New Route to Gold Nanoparticles with Controlled Size

New Route to Gold Nanoparticles with Controlled Size

Author: Theresa Kueckmann

The optical properties of gold nanoparticles, such as surface plasmon resonance, depend critically on the shape and size of the particles. Researchers from the US and China have devised a method to prepare spherical, single-crystalline gold nanoparticles with controlled size.

In their variation of seed-mediated growth, Younan Xia, Georgia Institute of Technology, USA, and collaborators used gold clusters capped with cetyl trimethylammonium bromide (CTAB) as seeds. They then added the analogous chloride, CTAC, HAuCl4 as gold precursor, and ascorbic acid as reducing agent. The rapid reduction of the gold precursor led to the formation of the desired spherical particles with sizes of 5 to 17 nm. Fewer seeds led to larger particles, while more seeds resulted in smaller particles. For larger particles up to 30 nm, the as-prepared 10 nm particles were used as seeds.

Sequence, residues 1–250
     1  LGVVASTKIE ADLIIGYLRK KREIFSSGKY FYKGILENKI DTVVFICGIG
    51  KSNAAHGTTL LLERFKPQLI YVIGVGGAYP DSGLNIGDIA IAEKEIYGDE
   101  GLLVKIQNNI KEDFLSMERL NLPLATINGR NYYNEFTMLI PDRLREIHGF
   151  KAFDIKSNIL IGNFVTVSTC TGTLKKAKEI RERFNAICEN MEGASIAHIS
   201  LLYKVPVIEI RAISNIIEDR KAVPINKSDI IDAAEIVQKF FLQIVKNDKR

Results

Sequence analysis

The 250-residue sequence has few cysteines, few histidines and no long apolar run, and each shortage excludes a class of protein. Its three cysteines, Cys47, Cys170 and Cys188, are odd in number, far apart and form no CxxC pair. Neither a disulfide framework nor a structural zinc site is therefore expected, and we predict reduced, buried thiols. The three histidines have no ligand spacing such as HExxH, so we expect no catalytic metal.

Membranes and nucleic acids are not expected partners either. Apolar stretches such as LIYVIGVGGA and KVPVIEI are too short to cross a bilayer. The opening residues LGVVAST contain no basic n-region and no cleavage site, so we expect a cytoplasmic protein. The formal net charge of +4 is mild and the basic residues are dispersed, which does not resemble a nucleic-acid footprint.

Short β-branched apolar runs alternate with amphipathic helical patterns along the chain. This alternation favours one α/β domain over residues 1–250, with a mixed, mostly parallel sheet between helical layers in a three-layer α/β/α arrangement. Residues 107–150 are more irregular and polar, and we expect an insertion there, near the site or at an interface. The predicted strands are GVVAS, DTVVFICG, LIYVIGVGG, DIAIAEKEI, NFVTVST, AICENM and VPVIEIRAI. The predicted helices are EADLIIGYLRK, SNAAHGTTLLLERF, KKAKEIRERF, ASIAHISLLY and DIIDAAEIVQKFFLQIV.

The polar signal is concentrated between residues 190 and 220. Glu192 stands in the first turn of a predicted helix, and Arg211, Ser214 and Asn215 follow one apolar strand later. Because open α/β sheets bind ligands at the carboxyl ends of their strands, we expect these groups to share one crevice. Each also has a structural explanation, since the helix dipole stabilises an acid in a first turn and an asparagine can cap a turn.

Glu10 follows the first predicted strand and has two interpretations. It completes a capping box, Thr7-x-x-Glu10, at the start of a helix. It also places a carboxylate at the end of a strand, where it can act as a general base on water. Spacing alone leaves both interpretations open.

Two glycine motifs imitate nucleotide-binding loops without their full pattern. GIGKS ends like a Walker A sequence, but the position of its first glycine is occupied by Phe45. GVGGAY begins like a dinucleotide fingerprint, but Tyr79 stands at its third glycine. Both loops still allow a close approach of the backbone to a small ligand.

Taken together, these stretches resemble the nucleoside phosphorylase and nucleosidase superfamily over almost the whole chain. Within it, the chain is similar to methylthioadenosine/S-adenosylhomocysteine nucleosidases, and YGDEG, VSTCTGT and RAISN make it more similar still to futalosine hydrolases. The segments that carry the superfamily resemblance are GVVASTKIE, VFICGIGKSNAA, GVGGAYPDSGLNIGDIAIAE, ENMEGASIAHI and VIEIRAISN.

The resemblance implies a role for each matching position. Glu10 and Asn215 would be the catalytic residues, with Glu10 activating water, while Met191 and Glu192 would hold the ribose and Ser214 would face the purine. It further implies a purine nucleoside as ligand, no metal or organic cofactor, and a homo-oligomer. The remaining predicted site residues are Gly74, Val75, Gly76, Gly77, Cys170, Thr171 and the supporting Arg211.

Dilution of aqueous suspensions of the as-prepared nanoparticles led to aggregation. Dilution shifts the equilibrium between bound and free capping agent, thus releasing capping agent from the particle surfaces and allowing the particles to form first dimers and trimers and then, with increasing dilution, wavy gold nanowires. The authors comment that these uniform gold nanospheres will find immediate use in the syntheses of bimetallic core–shell nanostructures and in the investigation of the mechanisms that are involved in seed-mediated growth.

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